This is a searing account of women’s suffering during war time.
Rape, Christina Lamb writes, is the “most neglected” war crime of the 1949 Geneva Convention.
“The Rwandan conviction of Mayor Akaseyu, who himself was directly responsible for the rape and killing of Tutsis, is touted as the first war case where a high-profile person was punished along with rape charges,” said a review in goodreads.com.
“Going further, the tales of atrocities committed by Serbians against the Bosnian muslims shows how neighbors and acquaintances take part in crime against women without any remorse,” said the review.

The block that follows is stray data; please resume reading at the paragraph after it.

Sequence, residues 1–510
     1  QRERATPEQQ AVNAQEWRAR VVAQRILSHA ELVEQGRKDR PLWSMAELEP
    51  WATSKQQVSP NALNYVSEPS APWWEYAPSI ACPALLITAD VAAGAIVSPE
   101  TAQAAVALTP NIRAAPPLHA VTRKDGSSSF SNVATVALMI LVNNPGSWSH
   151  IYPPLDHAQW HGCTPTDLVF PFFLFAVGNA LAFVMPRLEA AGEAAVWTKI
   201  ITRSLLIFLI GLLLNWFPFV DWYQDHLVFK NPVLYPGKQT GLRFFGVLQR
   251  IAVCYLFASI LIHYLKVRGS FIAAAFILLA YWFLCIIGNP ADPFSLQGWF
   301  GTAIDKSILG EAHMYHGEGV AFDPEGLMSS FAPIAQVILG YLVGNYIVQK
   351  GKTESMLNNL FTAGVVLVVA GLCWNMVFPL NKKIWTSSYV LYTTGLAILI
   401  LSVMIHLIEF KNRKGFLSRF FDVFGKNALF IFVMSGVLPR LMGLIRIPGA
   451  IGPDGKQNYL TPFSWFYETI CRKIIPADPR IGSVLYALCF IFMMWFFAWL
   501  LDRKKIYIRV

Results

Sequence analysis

It added: “There are also narratives of the Rohingya women at Cox Bazaar, Bangladesh who had suffered hardships in the hands of the Burmese military.”
The review said: “In the wake of the #MeToo movement, rape crimes have begun to be treated seriously, however the author contends that conviction of such crimes during war time is still very minimal and serious steps are needed to overcome this mindset.”
It added: “The topic of war is usually associated with nationalism, military powers and strategies, while its tragic consequences are only measured in terms of the number of live lost.”